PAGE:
There have been a few great cafés opening up recently in Kuala Lumpur, including Pulp by Papa Palheta in Lucky Gardens. However the space that Pulp occupies is unrivalled: The old cutting room of the Art Printing Works. It really is geek meets hipster in this café, with old electric fittings and the original paper cutting machine housed alongside a fantastic range of freshly roasted coffee.
There is a great range of coffee on offer too. From pour-overs to espresso based drinks and cold brew, Pulp is a great place to discover a wide range of coffees. I had a pour over Ethiopian (Suke Quto) that was beautifully presented with tasting notes ready for me to enjoy. A nice touch was that the cup had been pre-warmed so I got no condensation around the rim of the mug when I filled the cup with coffee. The coffee itself was very fruity, presumably very lightly roasted in order to retain the fruity notes of the beans. (On a second visit I enjoyed a long black which was also very fruity though less so than the pour-over).
Although there are plenty of seats in this café, on both occasions we visited it was crowded and hard to find a seat. It seems that this is a very popular spot for good coffee in KL, so do be prepared to share a table! Indeed, one of these ‘tables’ is formed from the old cutting machine itself, the machine that used to prepare the paper used for newspapers and books. Sipping coffee here, in a place steeped in the history of printing, it seemed only natural to consider the role in our current society of fake news and whether there is anything that we can do about it.
The issue of fake news or of exaggerated or incomplete news stories is not just limited to issues surrounding the recent US election. Reporting our experimental results honestly and our theories thoroughly underpins all scientific research. However, as funding decisions and employment prospects increasingly depend on publications in prestigious journals, question marks can start to hover over each scientist’s paper (the “publish or perish” problem). Does reporting a result honestly include waiting for that last result (that could contradict or delay the ‘story’ thereby making publication in “high impact” journals such as Nature less probable)? Do we read the papers of others thinking that they have reported everything as truthfully and fully as possible or do we shrug as their next paper (in a lower impact journal) reveals the ‘caveats’ on their previous work? The chemist and scientific philosopher, Michael Polanyi wrote in 1946:
“… Suppose scientists were in the habit of regarding most of their fellows as cranks or charlatans. Fruitful discussion between them would become impossible…. The process of publication, of compiling text books, of teaching juniors, of making appointments and establishing new scientific institutions would henceforth depend on the mere chance of who happened to make the decision. It would then become impossible to recognise any statement as a scientific proposition or to describe anyone as a scientist. Science would become practically extinct.“∗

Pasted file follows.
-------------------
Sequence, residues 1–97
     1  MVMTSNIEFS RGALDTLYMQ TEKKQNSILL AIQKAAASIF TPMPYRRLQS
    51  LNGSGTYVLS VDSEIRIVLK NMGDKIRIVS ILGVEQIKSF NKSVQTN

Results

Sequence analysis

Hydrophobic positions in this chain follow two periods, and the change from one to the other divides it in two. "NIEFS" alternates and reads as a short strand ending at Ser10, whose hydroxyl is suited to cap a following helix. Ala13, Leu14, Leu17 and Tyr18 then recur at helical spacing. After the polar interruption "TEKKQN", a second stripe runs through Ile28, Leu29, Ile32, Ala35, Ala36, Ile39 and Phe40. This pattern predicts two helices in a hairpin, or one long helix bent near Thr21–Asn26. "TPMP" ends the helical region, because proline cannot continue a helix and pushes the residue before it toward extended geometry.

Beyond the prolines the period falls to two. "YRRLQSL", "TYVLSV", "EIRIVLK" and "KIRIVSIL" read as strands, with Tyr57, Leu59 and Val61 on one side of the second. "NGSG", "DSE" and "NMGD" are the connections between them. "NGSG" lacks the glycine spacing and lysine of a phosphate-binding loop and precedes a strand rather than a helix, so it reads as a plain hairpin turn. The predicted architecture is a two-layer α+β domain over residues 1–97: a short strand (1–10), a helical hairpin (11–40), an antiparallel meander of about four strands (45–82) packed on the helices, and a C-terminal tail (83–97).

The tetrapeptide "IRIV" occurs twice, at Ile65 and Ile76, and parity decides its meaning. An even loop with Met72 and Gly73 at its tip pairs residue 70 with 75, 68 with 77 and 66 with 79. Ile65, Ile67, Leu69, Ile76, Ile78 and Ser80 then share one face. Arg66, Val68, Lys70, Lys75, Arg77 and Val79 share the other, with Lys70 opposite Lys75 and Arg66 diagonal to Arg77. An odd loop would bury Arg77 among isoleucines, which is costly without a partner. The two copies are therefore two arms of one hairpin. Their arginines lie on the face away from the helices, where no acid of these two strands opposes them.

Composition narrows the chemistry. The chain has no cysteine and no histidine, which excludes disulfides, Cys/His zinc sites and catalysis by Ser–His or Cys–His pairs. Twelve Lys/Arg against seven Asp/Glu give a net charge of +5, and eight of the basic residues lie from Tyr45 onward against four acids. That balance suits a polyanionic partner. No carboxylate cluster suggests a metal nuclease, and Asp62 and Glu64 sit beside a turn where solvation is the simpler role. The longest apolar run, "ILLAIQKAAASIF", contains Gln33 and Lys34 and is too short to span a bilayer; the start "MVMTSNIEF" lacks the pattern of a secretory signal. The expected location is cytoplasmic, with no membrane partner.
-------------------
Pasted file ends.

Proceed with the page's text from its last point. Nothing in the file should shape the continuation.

Although we are hopefully still very far from that scenario, it is fairly clear that similar levels of trust are required for our society to function well too. For our society to flourish, these same standards of integrity are required of our press (and indeed of ourselves if we publish – or share – articles online). The perception that our society is moving into an era where fake news is as valid as proper investigative journalism has led to some calling ours a “post-truth” era. However, as Emmi Itäranta has argued, we should endeavour to avoid calling our times “post-truth”, in part because the term itself is not neutral. Our words and language matter and when we use the term we contribute to the idea that truth is no longer meaningful.
Such thoughts remind us of our own responsibility and contributions to society. If we don’t want fake news to influence politics, we need to be careful what we share or publish online. From our language to our values, we need to behave as if truth matters. And, to me at least, it seems that enjoying a coffee can help us with that. Stopping to appreciate the moment as we savour our well prepared coffee, we can step-back from the “retweet” or “share” button and think, is this evidence based and true or else, what is it that I gain by sharing this?
It strikes me that cafés such as Pulp, with their mix of great coffee and interesting surroundings are perfect spaces in which to slow down and think rather than react and retweet. Perhaps that is what we need for 2017, more time contemplating in cafés, less time on social media. Let’s hope for some quiet time ahead.
Pulp by Papa Palheta is at 29-01 Jalan Riong, Kuala Lumpur, Malaysia,
∗Michael Polanyi “Science, Faith and Society”, Oxford University Press, 1946